• Female to their father
  • Male to female tester

The transmission path from their maternal grandfather is:

  • Male to their mother
  • Female to female tester

The transmission path from their maternal grandmother is:

  • Female to their mother
  • Female to female tester

This first chart shows the number of common matches.

Matches Grand 1 Grand 2 GGF GGM Grand 3 Grand 4
Female 1 absent 1061 absent 238 529 1306
Female 2 absent 1225 absent 431 700 1064

It’s interesting that the matches in just 3 generations to the great-grandmother vary by 55%. The second tester has almost twice as many matches in common with her great-great-grandmother as she does the first tester. There a difference in the earlier generation, meaning matches to Grand 2, but only about 23%. That difference increased significantly in one generation.

The second chart shows the total number of matching cM with the matching family member.

Total cM Grand 1 Grand 2 GGF GGM Grand 3 Grand 4
Female 1 absent 1688 absent 713 1601 1818
Female 2 absent 1750 absent 852 1901 1511

We can see that the amount of DNA inherited from a grandparent does correlate with the number of matches to that grandparents. The more DNA shared, of course the better the chances of sharing that DNA with another person. However, multiple factors may be involved with why some people have more or fewer matches.

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17 thoughts on “DNA Inherited from Grandparents and Great-Grandparents

  1. Thank you for posting this. Without following every step in the calculations, I appreciate the reasons for the uneven spread in my DNA matches in different lines.

  2. Great article. This helps explain why I have some 5-7th maternal cousins matches on FTDNA FamilyFinder (FF), but don’t match a known 4th cousin.

  3. I enjoy from ALL your posts, and learn from all of them. I am an only child, and my parents and grandparents are long dead. I am working to trangulate my 3rd, 4th, and even 5th cousins. The Shared cM chart helps, but as you mentioned, the dearth of records (in the south), the endogomy that the isolation of the westward movement forced, as well as my lack of living relatives makes the job difficult!

    Again, thanks!

  4. I was also wondering about this. I have apparently inherited almost 25% of my Dad’s paternal grandma’s DNA. I actually share the same amount of her DNA with a couple of my Dad’s first cousins that are closer in age with me. They were also surprised by it. The rest of my DNA tests (I tested with several companies) support this also. My brothers haven’t tested yet.

  5. With endogamy, I guess it would be possible for the amount of shared DNA from either the two paternal grandparents or the two maternal grandparents to add up to more than 50% if a set of grandparents came from the same community?

  6. Thank you for this information. I understood we all do not receive equal portions from each grandparent, or great grandparent, but this puts it into statistical form what to expect or what is likely. I have been disappointed that my predicted ethnicity included so little German, but my strong German ancestry is on my father’s paternal grandparents!

    • I also expected a lot more German than I got (I have German on both sides), but some it is apparently in the Iberian percentage – with movement of our ancestors.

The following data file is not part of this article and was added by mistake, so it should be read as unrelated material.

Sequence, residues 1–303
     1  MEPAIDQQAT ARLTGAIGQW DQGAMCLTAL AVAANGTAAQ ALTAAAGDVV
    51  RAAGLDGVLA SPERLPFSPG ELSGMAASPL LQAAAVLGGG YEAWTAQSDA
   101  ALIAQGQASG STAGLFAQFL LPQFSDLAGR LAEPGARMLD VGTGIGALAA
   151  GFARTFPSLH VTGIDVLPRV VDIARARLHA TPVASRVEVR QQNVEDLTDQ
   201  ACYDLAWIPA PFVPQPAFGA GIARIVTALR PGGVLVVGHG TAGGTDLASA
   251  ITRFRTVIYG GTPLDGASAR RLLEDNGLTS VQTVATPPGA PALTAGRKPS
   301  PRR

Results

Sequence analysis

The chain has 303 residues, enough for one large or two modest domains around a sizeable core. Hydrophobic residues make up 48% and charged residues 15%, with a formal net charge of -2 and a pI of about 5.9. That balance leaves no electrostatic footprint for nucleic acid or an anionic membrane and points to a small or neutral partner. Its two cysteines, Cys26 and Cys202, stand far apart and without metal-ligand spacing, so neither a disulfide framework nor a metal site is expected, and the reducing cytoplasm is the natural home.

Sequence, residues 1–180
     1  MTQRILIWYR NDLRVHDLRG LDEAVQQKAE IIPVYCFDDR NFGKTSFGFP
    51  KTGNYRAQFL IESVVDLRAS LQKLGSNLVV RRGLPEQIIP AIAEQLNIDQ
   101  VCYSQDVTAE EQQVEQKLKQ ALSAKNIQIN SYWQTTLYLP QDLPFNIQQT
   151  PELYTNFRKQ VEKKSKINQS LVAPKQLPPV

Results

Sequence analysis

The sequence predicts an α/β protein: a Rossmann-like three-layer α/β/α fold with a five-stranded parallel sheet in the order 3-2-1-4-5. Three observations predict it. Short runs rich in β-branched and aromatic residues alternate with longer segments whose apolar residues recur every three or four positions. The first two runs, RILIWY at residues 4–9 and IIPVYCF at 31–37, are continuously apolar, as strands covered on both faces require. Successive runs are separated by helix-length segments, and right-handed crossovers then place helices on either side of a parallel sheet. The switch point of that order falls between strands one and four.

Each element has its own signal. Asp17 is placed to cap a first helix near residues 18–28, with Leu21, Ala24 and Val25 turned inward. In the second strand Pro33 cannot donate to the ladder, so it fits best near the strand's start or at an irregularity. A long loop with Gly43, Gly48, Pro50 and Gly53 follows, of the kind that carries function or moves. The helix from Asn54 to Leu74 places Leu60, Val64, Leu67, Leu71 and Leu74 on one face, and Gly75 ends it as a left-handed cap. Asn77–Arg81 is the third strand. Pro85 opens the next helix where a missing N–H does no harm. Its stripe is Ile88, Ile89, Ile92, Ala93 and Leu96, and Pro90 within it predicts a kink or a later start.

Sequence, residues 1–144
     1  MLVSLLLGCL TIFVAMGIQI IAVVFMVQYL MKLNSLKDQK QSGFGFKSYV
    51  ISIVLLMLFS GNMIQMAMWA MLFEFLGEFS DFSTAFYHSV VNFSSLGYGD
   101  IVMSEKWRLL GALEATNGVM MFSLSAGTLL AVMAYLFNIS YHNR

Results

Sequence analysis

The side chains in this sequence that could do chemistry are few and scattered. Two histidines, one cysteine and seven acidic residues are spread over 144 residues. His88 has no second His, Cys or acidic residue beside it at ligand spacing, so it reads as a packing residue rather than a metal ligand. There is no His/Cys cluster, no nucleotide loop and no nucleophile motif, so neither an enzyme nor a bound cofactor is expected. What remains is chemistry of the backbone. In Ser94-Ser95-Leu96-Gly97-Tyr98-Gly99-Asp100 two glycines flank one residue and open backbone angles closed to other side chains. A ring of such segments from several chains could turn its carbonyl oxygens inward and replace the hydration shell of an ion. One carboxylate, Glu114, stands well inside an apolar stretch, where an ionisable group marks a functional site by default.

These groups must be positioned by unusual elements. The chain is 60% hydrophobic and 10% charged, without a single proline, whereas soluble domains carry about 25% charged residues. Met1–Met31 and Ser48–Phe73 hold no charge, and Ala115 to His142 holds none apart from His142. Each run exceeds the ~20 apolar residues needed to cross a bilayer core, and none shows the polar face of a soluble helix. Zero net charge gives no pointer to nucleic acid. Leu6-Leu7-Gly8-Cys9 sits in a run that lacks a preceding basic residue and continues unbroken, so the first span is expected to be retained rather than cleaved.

7. Of course everything is different when the parents are first cousins, or there are other links between family lines.

  8. The total cMs in each generation never changes – it always has to add up to 100%. But the number of segments is skewed for female vs male transmissions. There is a maximum disparity from our parents, but with each succeeding generation going back, the differences tend to even out. We’ll usually see the differences in our grandparent segments, and often in great grandparent segments, but I don’t think we’ll see much difference in the 6C to 8C levels, where we have most of our Matches in a genealogical timeframe. Again, the total cMs in any generation will be the same, while the number of segments increases (by about 69 additional segments in each generation). At some point the segments are so small that we won’t see shared DNA segments with Matches, and cannot identify those segments easily.

  9. Absolutely fascinating! This could partly explain why I have so few Smith matches, though I have a Smith grandfather.

  10. Turns out, this concept is more than fascinating – it’s helping greatly in my research. I did more digging after reading this post the first time. Though I knew what meiosis was, I watched a couple of videos that helped me better get my hands around it.

    I’ve been looking more closely at matches I have added to DNA Painter, and have been able to identify crossovers in mine and my mom’s DNA. This has helped me better qualify which common ancestor a given segment likely comes from, and allows me to better focus research on those lines.

    Thanks so much for sharing this!

  11. Hello Roberta,I have quite a high DNA match with 2 different people one proved to be a half second cousin with whom I share a great grandfather,the other with slightly higher DNA has caused me a problem because although there is one common surname,that is found in only one greatgreatgreat grandmother and there is no proof that proves a relationship because the name is common in the area.Nothing else no common surnames back to at least 6 generation s back.This is very frustrating for both of us.
    Assuming our tree information is correct and there is no good reason to doubt this,what reason could you suggest for this mystery?
    Thanks
    Peter Radford
    United Kingdom